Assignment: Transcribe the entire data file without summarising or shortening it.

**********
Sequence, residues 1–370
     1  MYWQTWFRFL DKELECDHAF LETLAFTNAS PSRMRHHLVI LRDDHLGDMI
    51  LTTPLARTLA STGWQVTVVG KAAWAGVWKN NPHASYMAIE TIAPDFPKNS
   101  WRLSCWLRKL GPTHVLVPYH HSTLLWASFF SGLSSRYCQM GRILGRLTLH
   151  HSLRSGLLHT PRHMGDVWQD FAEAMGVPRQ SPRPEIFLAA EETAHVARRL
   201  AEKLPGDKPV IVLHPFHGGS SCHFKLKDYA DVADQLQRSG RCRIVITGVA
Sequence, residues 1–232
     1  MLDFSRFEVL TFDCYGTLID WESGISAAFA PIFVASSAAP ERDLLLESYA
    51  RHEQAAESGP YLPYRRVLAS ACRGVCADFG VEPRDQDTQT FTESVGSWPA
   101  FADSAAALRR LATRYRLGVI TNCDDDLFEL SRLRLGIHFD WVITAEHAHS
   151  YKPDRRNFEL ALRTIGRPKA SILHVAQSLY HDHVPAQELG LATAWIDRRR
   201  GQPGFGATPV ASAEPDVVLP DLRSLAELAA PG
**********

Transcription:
Sequence, residues 1–370
     1  MYWQTWFRFL DKELECDHAF LETLAFTNAS PSRMRHHLVI LRDDHLGDMI
    51  LTTPLARTLA STGWQVTVVG KAAWAGVWKN NPHASYMAIE TIAPDFPKNS
   101  WRLSCWLRKL GPTHVLVPYH HSTLLWASFF SGLSSRYCQM GRILGRLTLH
   151  HSLRSGLLHT PRHMGDVWQD FAEAMGVPRQ SPRPEIFLAA EETAHVARRL
   201  AEKLPGDKPV IVLHPFHGGS SCHFKLKDYA DVADQLQRSG RCRIVITGVA
Sequence, residues 1–232
     1  MLDFSRFEVL TFDCYGTLID WESGISAAFA PIFVASSAAP ERDLLLESYA
    51  RHEQAAESGP YLPYRRVLAS ACRGVCADFG VEPRDQDTQT FTESVGSWPA
   101  FADSAAALRR LATRYRLGVI TNCDDDLFEL SRLRLGIHFD WVITAEHAHS
   151  YKPDRRNFEL ALRTIGRPKA SILHVAQSLY HDHVPAQELG LATAWIDRRR
   201  GQPGFGATPV ASAEPDVVLP DLRSLAELAA PG